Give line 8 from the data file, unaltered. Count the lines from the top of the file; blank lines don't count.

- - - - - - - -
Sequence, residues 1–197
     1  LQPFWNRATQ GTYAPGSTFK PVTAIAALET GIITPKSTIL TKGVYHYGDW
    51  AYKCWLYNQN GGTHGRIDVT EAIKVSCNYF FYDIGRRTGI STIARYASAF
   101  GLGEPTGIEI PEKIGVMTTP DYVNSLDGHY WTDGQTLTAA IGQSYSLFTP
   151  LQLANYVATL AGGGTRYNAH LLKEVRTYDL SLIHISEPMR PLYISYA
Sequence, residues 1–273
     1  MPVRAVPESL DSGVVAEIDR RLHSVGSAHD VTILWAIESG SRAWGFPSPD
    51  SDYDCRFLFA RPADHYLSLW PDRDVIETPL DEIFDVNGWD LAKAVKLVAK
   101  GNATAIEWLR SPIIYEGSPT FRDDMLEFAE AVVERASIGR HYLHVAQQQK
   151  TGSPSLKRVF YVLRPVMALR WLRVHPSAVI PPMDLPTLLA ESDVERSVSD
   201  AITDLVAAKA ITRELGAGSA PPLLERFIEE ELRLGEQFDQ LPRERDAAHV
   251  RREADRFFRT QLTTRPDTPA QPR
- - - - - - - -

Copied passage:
    51  SDYDCRFLFA RPADHYLSLW PDRDVIETPL DEIFDVNGWD LAKAVKLVAK